What happens when beliefs become more precious than the people we love?

When therapist and mediator Grace McDonald returns to Kansas to be with her daughter and autistic grandson, she expects a tough adjustment. But what Grace cannot anticipate is being assigned the mediation case from hell.  Not just about parental rights and custody, this case becomes a battle over a child's soul and eternal life. All God's Children tackles polarizing social issues and makes them personal. 

A fast-paced, involving family drama that tackles a headline-grabbing religious sect.; Kraus displays a tremendous talent for making even the most unsympathetic characters three-dimensional.; Grace is a compelling fictional creation: a woman who patiently and skillfully explores the tense pressures beneath the surface of the Phelps-Flores case.; Grace explores the subtleties of her own relationship with her adult daughter.; The author weaves a great deal of background information into the story.;


Author Interview

Susan Kraus talks about All God's Children

Author Susan Kraus was interviewed by Pam Grout, #1 New York Times best-selling author of E-Squared, Thank & Grow Rich, Art & Soul, Reloaded and 16 other books and hundreds of travel articles.  Pam and Susan both live in Lawrence, Kansas, a university town so stuffed with festivals, parades, creativity, fab food, great music and overall fun that visitors often ask "Are you sure we're still in Kansas?"  For more information on Pam's work, go to www.pamgrout.com.


All God's Children opens with a divorce and custody mediation session. Can you share a little about your professional background? Are you primarily a writer or what else?

I've been a therapist for 35+ years and a divorce and custody mediator for 20+ years. As a mediator, I often work with people at a low point in their lives, when they feel both angry and afraid. They're worried about their kids, how the divorce will impact their kids, how it will affect their relationship with their kids. There is a huge and scary loss of control. And yet every family is also unique. People often uncover strengths they did not know they had.  

I'm also a writer, mostly non-fiction. I wrote a lot of book reviews and family life/communication/marriage/parenting/women's health focused pieces back in the 1980s and 1990s.  ("Susie Gets a Colonoscopy" was a big hit… no joke.) 
I started travel writing in 1994, and did a travel guidebook in 2004. I'm a member of the Society of American Travel Writers and Midwest Travel Journalist Association and love writing travel articles. They're my escape from real life.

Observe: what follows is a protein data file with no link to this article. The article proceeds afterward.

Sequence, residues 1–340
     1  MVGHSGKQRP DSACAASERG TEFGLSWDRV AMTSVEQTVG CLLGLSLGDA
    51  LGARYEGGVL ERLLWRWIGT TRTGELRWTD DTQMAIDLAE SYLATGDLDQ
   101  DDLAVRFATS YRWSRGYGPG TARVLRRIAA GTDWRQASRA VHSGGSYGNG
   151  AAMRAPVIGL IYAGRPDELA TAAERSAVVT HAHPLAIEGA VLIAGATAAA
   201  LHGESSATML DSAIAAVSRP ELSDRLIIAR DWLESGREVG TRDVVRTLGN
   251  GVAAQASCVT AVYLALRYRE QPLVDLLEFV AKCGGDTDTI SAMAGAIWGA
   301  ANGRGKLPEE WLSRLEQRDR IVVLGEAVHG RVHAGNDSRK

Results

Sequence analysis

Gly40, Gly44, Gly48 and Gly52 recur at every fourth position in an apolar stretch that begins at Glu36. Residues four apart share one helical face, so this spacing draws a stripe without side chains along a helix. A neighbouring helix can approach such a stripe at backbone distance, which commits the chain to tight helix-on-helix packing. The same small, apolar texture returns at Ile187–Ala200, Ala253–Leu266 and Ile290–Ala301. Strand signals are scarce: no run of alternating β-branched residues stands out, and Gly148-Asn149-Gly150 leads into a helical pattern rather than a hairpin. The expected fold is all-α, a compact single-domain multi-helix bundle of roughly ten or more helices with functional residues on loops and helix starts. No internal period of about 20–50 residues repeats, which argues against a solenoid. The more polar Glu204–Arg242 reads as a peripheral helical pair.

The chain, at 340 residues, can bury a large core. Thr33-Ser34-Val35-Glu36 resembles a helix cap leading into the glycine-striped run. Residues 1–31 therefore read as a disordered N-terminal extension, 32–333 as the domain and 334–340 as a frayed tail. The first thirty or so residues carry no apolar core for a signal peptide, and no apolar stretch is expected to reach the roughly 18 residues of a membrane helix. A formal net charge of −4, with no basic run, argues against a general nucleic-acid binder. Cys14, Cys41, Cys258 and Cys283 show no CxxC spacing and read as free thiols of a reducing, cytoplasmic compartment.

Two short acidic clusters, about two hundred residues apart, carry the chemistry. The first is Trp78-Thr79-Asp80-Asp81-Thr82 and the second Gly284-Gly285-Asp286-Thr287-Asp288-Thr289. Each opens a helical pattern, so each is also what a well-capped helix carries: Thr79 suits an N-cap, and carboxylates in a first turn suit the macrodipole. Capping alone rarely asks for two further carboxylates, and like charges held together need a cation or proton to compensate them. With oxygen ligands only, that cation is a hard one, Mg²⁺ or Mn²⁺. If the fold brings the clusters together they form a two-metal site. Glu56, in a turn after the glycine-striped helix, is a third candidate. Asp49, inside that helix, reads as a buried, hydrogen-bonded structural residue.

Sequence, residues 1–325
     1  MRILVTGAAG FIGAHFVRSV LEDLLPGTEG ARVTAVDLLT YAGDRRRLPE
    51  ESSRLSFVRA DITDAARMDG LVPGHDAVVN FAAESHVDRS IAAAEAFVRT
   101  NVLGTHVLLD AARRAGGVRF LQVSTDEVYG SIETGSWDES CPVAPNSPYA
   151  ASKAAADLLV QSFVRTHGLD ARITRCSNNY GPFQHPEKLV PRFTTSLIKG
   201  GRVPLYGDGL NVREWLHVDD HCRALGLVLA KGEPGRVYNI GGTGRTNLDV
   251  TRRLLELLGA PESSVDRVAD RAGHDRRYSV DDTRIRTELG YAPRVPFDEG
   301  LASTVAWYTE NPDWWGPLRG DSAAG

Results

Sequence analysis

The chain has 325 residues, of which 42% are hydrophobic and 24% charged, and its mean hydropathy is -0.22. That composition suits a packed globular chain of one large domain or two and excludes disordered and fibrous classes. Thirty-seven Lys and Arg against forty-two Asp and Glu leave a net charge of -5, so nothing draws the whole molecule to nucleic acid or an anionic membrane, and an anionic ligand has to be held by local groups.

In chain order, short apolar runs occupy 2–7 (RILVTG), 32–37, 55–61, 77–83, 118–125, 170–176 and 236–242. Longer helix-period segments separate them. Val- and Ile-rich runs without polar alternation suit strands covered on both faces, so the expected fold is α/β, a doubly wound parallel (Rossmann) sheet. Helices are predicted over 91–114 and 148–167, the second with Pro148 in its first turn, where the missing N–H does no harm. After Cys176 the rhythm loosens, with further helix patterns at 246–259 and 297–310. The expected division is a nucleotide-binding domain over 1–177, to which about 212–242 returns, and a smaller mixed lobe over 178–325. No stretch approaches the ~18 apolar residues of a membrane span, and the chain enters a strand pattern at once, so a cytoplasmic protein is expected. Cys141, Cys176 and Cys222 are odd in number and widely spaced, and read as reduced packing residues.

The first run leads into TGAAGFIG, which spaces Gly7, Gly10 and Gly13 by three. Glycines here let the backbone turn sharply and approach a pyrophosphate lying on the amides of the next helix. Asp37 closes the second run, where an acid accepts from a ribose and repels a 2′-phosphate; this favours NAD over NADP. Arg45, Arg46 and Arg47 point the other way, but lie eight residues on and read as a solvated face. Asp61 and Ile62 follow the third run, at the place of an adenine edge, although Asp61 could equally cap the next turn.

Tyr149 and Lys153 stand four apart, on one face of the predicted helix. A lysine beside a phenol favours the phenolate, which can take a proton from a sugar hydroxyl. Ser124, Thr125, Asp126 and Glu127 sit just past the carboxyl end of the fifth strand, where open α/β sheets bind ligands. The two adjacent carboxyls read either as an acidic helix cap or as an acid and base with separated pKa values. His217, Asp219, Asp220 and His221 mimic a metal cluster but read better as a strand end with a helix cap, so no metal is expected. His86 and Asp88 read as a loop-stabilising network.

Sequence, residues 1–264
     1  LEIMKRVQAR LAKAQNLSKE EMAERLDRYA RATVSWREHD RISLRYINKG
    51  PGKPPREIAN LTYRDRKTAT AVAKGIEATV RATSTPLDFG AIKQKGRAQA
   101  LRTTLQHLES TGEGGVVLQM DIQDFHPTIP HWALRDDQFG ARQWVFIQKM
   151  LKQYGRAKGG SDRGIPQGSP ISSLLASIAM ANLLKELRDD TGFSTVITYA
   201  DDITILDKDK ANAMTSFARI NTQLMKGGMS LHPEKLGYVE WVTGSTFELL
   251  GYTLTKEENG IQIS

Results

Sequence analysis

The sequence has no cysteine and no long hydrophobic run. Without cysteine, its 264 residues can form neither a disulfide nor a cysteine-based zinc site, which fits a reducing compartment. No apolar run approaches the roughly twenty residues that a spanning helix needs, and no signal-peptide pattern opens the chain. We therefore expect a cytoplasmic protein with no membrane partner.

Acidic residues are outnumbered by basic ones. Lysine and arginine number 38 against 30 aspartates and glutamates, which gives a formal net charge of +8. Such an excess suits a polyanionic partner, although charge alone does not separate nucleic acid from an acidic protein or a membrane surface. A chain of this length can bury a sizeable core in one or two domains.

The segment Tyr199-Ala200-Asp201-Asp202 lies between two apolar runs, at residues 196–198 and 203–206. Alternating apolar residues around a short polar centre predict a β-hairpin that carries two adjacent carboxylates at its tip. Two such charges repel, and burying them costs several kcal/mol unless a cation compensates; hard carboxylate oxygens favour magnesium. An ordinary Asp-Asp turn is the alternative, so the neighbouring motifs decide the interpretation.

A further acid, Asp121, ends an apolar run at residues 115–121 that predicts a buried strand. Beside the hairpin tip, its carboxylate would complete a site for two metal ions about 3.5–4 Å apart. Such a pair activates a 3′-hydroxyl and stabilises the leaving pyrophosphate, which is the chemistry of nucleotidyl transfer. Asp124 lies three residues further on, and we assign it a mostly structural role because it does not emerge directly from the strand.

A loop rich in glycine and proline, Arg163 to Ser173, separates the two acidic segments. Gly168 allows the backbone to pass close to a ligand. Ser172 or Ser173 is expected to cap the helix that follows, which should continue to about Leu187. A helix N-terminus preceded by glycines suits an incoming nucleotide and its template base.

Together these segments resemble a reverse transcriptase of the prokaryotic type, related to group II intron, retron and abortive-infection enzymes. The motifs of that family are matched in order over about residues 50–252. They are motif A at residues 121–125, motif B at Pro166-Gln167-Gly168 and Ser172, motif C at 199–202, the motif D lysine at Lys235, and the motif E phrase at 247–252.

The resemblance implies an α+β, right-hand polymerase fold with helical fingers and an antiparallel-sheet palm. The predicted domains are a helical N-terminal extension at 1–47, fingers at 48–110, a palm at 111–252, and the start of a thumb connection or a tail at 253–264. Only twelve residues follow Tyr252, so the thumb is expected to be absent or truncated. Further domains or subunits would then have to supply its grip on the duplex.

What gave you the idea for this novel? 

I found myself thinking: what if there was a custody battle over a child in the Westboro Baptist Church? That funeral-picketing, gay-bashing --- "Fags Will Burn in Hell" and "Thank God for Dead Soldiers" --- church. How would the custody issues be different? It's a hypothetical question that highlights, in an extreme way, a lot of the issues mediators deal with every day. 
But even more than that, after years of waking up in the middle of the night worrying about the kids in some of my cases, I thought about this imaginary child. What would it be like for a kid, who loves his family, who thinks they are special and chosen by God, to be ordered by some judge to live part-time with a man who is his biological father but who he sees as a tool of Satan? 

The Phelps family was initially dubbed "the most hated family in America" by a BBC documentary.  Because they come across as hostile and judgmental, it's too easy to respond in the same way. They've become caricatures and it's hard to see their humanity when they don't seem to respect the human rights of almost everyone else.  I take it as a challenge to elicit even a sliver of empathy for people whose public personas show no empathy for others. 
And there is a lot more, but that's a start. 

What did you do to prepare? Or did you just start writing?

I began researching this book years ago, clipping articles and jotting down notes. I heard about a graduate student at the University of Kansas, Rebecca Barrett-Fox, a very fine teacher and scrupulous researcher, who was writing her dissertation on the Westboro Baptist Church. And, then, as they say, "the plot thickened."  I read everything I could find, and a series of articles published by the Topeka Capital Journal back in the 1990's was a gold mine.  I researched Primitive Baptist theology. I went to Sunday services at the church. I met with Nate Phelps, one of Fred's sons who left the family over thirty years ago, about his experience. I met with Jonathan Phelps, Fred's son, who is smack in the middle of every picket line, about their beliefs. Every Biblical quote in the book that is spoken by a WBC character was provided by Jonathan Phelps.  

But despite all the research, this is a novel, correct? It's fiction? 

All God's Children is definitely fiction, with a plot and characters that come completely from my imagination.  But it also contains verifiable biographical info and background about one 'real' character, the most notoriously public of public figures, Fred Phelps. He is the only Phelps whose name is used (except for his wife, but she is a kind and gentle grandma, as invisible as she has been in the public eye.)  Everyone else, every character, I created. I deliberately did not use the names of other family members because many of them have not sought out and provoked media attention like Fred has for decades.  I moved the church from Topeka to my fictional town of Kaw Valley, although that might not have been necessary. I took the liberty of compressing the time line, giving Fred a youngest daughter who is much younger than his actual kids. I used that creative license.  

I also found that the omniscient narrator (who I guess is me but who seems to have a mind of her own) could get inside the heads of most characters but not inside the heads of the Phelps. They say things, of course, but part of the mystery is never truly knowing their motivation, their thought process. Except for the children. I think one of the strongest characters in the book is David, the 11-year old boy who is the emotional heart of the story. The narrator does get inside David's mind.